5. It may be made clear at once that ordinarily this Court would refuse to interfere with an interlocutory order which is essentially discretionary in nature and does not concern any question of jurisdiction. Initially the Court was inclined to accept Mr. Dutt's contention about the propriety of interference in such a case but further considerations of the facts and circumstances made the Court change its mind. From the statement of facts and submissions made in the petition and the affidavits and the claims and counter-claims therein which do not unfortunately confine themselves to the essentials -- ultimately a set of facts emerge, presented from the point of view of the petitioner, which seem to be rather extraordinary in some respects. Neither the school committee nor the D. P. I. and other authorities essential for adjudication of the rights of the plaintiff to act as the Headmaster vis-a-vis the petitioner are made parties in the concerned suit. In fact the maintainability of the suit in that respect seems to be in doubt, as Mr. Chakraborty the learned lawyer in support of the rule, points put. On the other hand the petitioner is now by virtue of the approval of the D. P. I. and the invitation of the school committee, prima facie, in a position to join as Headmaster of the school, proper working of which is also a matter of great concern. An injunction against the petitioner on the basis of such a suit, prima facie, incompetent to grant proper relief is thus likely to cause great hardship and jeopardise the interest of the petitioner and the school. On the other hand it is of no help to the respondent plaintiff in establishing or securing his right to be the Headmaster. That is the case with which the petitioner has come before this Court. 'Facts, said Pirandello, the Novel Laureate, 'are like sacks' which cannot stand on their own'. It is the perspective or the point of view from which the facts are seen which give them significance. In the context of the factsas viewed above the grant of injunction by the lower Court assumes a magnitude which in imposing hardship far exceeds the limited scope of the suit. It is true that the learned Lower Court had, prima facie, competence to pass an interlocutory order in a suit but what it failed to visualise is that failure to protect the petitioner by such a stay against the injunction may occasion a prejudice disproportionate to the scope of the suit. No authority has been cited before this Court nor am I aware of any which would cover the facts of this case but it appears to me that on principle -- if such a principle may be evolved -- an interlocutory order cannot be allowed to overreach the bounds of a suit inherently limited in scope. That seems to be precisely the matter in this case. It may, therefore, be viewed as an order tending to overstep the jurisdiction of the suit itself and liable to be interfered with in revision.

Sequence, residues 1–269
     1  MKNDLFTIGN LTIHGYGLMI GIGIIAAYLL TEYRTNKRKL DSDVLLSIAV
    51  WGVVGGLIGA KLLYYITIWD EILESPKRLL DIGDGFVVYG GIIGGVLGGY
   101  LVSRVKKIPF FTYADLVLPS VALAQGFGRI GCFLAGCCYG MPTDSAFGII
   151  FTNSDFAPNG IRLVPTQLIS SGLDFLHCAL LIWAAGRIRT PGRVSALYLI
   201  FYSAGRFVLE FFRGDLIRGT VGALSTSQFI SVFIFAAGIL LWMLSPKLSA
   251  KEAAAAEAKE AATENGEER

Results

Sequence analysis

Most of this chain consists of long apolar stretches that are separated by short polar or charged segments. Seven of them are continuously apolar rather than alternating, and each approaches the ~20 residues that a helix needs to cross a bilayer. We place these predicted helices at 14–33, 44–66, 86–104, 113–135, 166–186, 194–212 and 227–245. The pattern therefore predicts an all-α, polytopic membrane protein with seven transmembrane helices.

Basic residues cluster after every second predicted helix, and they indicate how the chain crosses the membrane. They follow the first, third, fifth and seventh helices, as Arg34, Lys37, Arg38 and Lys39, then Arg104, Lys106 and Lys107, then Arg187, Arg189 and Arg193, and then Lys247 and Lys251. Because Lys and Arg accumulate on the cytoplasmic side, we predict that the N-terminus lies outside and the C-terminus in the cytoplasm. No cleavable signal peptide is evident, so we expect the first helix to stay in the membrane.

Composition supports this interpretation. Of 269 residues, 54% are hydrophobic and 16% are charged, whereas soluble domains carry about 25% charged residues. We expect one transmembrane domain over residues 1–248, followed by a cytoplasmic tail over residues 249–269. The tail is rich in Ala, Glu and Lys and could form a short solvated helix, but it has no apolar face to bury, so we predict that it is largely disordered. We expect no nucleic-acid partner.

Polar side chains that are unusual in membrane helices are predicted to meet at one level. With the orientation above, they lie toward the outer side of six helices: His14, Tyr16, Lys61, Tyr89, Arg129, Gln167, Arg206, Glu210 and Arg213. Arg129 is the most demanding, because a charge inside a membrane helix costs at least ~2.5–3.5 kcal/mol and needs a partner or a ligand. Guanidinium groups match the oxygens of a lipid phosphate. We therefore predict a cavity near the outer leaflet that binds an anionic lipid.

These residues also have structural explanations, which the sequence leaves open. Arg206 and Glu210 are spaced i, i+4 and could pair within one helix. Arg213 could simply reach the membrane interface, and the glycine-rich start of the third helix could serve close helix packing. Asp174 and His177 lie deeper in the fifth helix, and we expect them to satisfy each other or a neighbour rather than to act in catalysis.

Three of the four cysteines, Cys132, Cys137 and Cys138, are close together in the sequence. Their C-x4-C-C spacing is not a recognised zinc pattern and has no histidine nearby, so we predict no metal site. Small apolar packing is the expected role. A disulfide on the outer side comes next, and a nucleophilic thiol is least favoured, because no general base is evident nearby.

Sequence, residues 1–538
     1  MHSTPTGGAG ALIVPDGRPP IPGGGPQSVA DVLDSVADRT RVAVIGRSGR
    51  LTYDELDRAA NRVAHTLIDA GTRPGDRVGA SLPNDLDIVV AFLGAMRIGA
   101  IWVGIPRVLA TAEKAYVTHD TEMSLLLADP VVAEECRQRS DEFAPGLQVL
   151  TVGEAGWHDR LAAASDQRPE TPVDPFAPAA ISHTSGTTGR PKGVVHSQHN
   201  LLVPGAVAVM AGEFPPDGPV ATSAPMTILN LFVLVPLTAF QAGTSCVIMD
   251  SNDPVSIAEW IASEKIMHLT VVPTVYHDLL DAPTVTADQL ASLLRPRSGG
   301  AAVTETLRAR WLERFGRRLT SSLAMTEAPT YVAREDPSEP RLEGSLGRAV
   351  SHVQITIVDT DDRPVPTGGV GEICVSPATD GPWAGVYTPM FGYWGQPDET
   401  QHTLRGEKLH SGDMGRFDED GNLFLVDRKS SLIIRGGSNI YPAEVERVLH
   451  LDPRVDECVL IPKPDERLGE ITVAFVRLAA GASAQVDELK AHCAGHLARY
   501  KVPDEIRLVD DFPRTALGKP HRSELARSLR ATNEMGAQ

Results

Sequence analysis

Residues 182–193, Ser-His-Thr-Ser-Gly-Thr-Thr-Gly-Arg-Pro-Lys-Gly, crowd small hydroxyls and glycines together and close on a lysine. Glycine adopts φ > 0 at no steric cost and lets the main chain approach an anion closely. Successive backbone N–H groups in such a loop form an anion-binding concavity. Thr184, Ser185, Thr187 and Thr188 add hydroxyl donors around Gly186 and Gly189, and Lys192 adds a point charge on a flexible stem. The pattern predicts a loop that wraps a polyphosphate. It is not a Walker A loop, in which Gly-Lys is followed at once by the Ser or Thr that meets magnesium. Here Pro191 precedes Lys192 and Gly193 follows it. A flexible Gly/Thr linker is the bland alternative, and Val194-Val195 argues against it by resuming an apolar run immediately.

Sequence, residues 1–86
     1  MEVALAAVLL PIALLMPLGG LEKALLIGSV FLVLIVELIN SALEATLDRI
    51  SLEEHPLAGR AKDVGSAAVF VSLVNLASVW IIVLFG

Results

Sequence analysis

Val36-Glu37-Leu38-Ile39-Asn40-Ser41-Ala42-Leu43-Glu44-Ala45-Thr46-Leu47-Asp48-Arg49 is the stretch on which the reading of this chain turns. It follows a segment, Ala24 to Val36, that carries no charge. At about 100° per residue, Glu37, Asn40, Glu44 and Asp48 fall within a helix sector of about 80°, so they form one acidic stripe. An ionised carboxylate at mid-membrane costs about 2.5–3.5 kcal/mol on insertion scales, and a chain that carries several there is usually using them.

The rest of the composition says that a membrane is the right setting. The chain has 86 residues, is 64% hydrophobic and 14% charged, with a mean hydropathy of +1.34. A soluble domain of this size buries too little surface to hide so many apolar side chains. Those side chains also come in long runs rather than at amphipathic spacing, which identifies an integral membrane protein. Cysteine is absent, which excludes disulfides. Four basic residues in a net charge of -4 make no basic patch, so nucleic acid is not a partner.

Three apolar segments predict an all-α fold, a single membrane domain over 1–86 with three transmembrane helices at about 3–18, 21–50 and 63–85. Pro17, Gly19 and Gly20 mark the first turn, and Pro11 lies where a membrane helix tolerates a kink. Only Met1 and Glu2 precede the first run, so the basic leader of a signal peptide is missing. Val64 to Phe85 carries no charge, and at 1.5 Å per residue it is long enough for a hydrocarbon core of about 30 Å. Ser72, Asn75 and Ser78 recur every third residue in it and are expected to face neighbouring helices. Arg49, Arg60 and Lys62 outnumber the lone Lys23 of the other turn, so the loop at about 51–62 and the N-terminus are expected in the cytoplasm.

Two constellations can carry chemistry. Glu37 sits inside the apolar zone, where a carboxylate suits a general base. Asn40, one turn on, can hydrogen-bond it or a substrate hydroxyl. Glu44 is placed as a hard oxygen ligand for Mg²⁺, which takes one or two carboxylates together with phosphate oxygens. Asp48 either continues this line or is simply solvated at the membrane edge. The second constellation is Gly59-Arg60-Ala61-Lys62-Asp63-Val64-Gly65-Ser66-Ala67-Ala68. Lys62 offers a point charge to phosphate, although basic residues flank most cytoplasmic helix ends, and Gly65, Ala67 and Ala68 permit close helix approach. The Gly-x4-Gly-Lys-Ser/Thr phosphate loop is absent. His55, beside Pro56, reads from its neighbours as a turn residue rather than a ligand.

6. Prima facie it might seem that a show cause notice is of short interval but experience shows, as in this case, that months elapse sometimes before such a matter is heard.
7. Another aspect of the order which seems curious is that at the end of order the learned District Judge mentions that 'the appellant was already injuncted by an order dated the 30th of September, 1972'. If the learned District Judge thought that there was an injunction in favour of the petitioner who was a Defendant at the lower Court he was completely in error. If, however, he thought that the injunction was against the present petitioner then its mention was anomalous. It appears that the interim order of injunction dated the 30th of September, 1972 passed initially by the learned Munsiff against the present petitioner was later on confirmed on 19-12-1973 against which the petitioner came up in appeal before the learned District Judge. The reference to this alleged injunction dated the 30th of September, 1972, makes the order incongruous. The Court regrets to find substance in the contention that the said reference is either irrelevant or erroneous or misleading and indicates non-application of the mind.
8. The refusal to grant a stay in the circumstances of the case, as explained above, is of some extraordinary import. In the ultimate analysis the order seems to involve paralysing or adversely affecting a person's legitimate rights on the basis of a suit limited in its nature and scope inasmuch as the same did not confer jurisdiction on the Court to adjudicate the question of title of the rival parties in a proper way.
9. In view of what is stated aforesaid the Court makes the rule absoluteand sets aside the impugned order and grants an ad interim stay till the Misc. Appeal is heard by the learned District Judge.
10. The Court, however, makes it clear that its observation on the facts are made only, prima facie, and need not influence the trial Court to come to a finding of its own on the basis of fuller and more adequate materials to be placed before it. There will be no order as to costs.